Basically when you find something interesting you want to share across your social media accounts, you can “add it” to you Buffer. Buffer then schedules your posts according to a predefined schedule you can set.

And what is great it that you pre-set all the times. Only downside is its Google+ integration is a bit weak  at the moment, but I’m sure it will improve.

Gremln: Like most in this range it has a FREE package that offers you one account and five social profiles and a limited number of tweets. The next plan is $6 per month, and the top of the range is $99 per month. All plans have a 14 day free trial.

Hootsuite is one of the most popular services and has been mentioned all over the web. It is packed full of features, including the ability to schedule tweets, of course. The interface is beautiful, very customizable and they have great analytics – you pay of course. Unlike Buffer, they have a new their own algorithm to determine when to best send your Tweets.

Tweetdeck is an app that brings more flexibility and insight to power users. Downside is you have to do the scheduling manually, but many people enjoy its easy interface.

Choose the app that you like best, and away you go.

Author: Karen Lotter

Writer, photographer, workaholic info-junkie, Wordpress fan, blogger, aging geek, toyi-toying optimist, social media trainer, web writer. www.ethekwiniweb.co.za


This Post Has 26 Comments
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  4. Looking for something where I can upload a whole list of tweets in a .txt document or similar, then schedule them to go out so many times per day, the way Feed140 was before it went belly-up for the foreseeable future. Everything else I can find for free wants me to upload and schedule each tweet individually, which is a *huge* waste of time and almost defeats the purpose of having a scheduler in the first place.


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  7. Hi Karen,

    Where did you get the statistic that “less than five percent of your Twitter followers will see details of your tweet if you only post it once to Twitter”?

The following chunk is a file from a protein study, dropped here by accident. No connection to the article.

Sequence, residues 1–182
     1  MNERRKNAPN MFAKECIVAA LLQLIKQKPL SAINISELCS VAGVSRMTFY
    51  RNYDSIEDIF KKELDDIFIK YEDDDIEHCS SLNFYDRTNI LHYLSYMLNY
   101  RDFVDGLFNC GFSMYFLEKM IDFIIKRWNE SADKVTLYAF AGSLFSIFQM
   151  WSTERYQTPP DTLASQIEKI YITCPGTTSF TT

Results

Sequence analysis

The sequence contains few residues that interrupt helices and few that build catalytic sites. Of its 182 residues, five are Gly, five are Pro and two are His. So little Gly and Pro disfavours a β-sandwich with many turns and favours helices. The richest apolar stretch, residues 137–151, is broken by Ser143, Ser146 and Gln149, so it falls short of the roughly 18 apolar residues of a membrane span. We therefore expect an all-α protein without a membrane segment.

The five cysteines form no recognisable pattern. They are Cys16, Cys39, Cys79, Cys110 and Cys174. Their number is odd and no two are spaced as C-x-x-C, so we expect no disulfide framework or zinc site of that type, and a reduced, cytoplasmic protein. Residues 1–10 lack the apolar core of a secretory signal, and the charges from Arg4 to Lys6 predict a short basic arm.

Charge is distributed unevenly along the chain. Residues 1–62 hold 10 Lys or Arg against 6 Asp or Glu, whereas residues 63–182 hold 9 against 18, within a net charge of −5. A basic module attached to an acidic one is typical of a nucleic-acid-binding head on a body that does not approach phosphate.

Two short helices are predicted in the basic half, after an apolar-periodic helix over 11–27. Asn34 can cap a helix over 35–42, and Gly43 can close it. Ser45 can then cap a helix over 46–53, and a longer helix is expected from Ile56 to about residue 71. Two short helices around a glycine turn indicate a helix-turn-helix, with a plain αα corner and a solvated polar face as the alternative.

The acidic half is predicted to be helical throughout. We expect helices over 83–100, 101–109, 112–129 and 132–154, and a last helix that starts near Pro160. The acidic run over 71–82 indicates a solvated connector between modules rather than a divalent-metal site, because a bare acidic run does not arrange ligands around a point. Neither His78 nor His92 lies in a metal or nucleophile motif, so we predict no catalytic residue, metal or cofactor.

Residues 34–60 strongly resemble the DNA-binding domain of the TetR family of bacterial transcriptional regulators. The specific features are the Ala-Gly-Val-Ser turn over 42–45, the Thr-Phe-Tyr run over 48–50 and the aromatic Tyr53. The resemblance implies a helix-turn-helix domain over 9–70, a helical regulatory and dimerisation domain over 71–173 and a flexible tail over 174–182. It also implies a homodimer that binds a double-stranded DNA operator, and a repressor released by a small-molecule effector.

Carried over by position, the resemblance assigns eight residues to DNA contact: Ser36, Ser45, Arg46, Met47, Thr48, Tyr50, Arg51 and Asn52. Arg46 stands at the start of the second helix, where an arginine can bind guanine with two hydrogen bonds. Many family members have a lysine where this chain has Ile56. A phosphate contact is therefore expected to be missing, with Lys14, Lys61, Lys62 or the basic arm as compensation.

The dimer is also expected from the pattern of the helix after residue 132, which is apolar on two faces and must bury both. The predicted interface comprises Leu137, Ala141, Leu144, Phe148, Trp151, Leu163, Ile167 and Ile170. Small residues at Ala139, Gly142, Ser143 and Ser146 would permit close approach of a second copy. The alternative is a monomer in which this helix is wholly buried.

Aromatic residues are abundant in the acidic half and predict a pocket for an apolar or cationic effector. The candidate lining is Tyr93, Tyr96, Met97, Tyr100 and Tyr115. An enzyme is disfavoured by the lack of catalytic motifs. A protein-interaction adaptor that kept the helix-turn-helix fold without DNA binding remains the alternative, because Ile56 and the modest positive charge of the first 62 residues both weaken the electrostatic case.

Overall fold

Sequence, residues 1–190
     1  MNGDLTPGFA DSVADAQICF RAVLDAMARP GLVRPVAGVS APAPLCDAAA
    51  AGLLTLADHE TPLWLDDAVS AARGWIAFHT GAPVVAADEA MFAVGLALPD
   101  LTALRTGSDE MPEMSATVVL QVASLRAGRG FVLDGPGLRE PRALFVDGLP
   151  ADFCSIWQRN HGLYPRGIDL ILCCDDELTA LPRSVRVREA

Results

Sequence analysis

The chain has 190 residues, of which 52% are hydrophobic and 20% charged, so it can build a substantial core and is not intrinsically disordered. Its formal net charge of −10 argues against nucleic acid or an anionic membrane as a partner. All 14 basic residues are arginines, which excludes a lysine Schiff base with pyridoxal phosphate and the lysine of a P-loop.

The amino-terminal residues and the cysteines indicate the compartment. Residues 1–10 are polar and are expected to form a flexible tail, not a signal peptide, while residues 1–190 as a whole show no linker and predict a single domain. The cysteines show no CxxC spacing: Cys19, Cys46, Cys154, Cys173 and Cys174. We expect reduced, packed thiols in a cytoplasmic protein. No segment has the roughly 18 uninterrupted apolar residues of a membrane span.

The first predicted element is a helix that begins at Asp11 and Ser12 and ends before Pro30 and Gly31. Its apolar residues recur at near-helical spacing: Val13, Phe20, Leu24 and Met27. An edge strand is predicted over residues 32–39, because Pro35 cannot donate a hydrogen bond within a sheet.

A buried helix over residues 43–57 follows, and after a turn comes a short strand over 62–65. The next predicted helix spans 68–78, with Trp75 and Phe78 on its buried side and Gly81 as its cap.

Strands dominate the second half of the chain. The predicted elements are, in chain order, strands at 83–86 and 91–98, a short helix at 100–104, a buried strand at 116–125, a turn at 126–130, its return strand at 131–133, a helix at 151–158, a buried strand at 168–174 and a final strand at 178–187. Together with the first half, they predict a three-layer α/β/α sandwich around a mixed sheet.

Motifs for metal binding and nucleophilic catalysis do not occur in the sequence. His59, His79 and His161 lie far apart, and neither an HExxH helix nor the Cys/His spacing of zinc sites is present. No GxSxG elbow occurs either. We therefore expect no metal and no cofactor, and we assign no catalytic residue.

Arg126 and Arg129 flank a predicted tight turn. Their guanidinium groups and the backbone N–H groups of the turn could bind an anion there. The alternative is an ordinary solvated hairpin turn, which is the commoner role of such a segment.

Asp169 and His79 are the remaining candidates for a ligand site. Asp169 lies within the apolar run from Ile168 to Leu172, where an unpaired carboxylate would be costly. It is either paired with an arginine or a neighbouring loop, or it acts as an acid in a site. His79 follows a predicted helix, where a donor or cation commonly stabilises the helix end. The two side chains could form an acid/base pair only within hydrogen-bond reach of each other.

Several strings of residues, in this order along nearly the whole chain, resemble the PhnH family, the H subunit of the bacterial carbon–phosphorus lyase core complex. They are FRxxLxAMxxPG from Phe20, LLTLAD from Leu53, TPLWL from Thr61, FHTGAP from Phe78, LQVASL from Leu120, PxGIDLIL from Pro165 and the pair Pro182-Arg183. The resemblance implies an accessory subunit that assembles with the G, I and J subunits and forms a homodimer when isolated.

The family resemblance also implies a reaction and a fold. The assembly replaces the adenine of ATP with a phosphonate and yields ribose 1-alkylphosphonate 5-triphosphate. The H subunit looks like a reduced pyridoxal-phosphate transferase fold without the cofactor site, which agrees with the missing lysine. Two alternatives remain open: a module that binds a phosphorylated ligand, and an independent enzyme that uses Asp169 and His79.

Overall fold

I’ve looked online and can’t find anything on this metric and find it very interesting. Thanks for your help!

  8. Thanks for sharing the suggestions for scheduling post. I must add that it is important to balance between scheduled posts and manually tweeting as Twitter is a real-time communication, and sometimes your scheduled post might seem too automated and out of contest. In general, tools like these really do save a lot time for social media activity, not only when it comes to Twitter, but other social networks as well.

  9. Link address for Buffer is incorrect. You have buffer.com sending folks to SealGuard Heat Sealing Buffers. You mean http://bufferapp.com/

    Just saying…

    Thanks for this piece though. I do think the biggest problem for authors using Twitter is indeed the huge number of useless and inappropriate followers.

    Regardless, thanks for the tip on Buffer. Gonna check it out.

  10. I do use Twuffer and Tweetdeck and like them, but the one I use the most and prefer is Tweet Adder. It’s not free, but it’s not very expensive, and it has so many features besides just tweeting — that you can have repeat as often as you like, that it’s the best software out there for building a following.

  11. I love Twitter, so short, so sweet. I use a combination of Buffer and Tweetdeck, they are both excellent. The first for sharing great information that I find on my travels round the web; the second for interacting with friends and fans — so much friendlier than Twitter’s own interface. Twitter is the social network I most enjoy.